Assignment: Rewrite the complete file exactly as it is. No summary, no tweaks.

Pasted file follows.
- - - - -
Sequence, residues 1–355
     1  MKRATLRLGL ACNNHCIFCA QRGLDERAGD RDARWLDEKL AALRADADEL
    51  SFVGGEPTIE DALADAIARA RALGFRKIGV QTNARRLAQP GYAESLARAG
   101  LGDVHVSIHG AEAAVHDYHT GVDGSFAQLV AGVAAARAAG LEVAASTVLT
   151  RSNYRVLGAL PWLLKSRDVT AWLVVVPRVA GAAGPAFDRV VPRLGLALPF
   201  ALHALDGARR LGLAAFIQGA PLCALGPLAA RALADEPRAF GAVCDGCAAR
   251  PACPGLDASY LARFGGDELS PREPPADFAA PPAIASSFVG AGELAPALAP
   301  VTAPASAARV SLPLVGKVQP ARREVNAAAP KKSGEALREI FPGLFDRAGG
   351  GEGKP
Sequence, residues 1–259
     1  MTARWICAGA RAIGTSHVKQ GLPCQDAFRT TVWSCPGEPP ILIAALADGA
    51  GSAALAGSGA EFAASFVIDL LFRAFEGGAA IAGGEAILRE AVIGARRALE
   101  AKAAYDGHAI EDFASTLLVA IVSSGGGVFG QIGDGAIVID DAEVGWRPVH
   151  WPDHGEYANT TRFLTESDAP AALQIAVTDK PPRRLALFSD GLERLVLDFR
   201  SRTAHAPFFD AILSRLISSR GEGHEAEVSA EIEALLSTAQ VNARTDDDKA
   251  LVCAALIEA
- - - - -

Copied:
Sequence, residues 1–355
     1  MKRATLRLGL ACNNHCIFCA QRGLDERAGD RDARWLDEKL AALRADADEL
    51  SFVGGEPTIE DALADAIARA RALGFRKIGV QTNARRLAQP GYAESLARAG
   101  LGDVHVSIHG AEAAVHDYHT GVDGSFAQLV AGVAAARAAG LEVAASTVLT
   151  RSNYRVLGAL PWLLKSRDVT AWLVVVPRVA GAAGPAFDRV VPRLGLALPF
   201  ALHALDGARR LGLAAFIQGA PLCALGPLAA RALADEPRAF GAVCDGCAAR
   251  PACPGLDASY LARFGGDELS PREPPADFAA PPAIASSFVG AGELAPALAP
   301  VTAPASAARV SLPLVGKVQP ARREVNAAAP KKSGEALREI FPGLFDRAGG
   351  GEGKP
Sequence, residues 1–259
     1  MTARWICAGA RAIGTSHVKQ GLPCQDAFRT TVWSCPGEPP ILIAALADGA
    51  GSAALAGSGA EFAASFVIDL LFRAFEGGAA IAGGEAILRE AVIGARRALE
   101  AKAAYDGHAI EDFASTLLVA IVSSGGGVFG QIGDGAIVID DAEVGWRPVH
   151  WPDHGEYANT TRFLTESDAP AALQIAVTDK PPRRLALFSD GLERLVLDFR
   201  SRTAHAPFFD AILSRLISSR GEGHEAEVSA EIEALLSTAQ VNARTDDDKA
   251  LVCAALIEA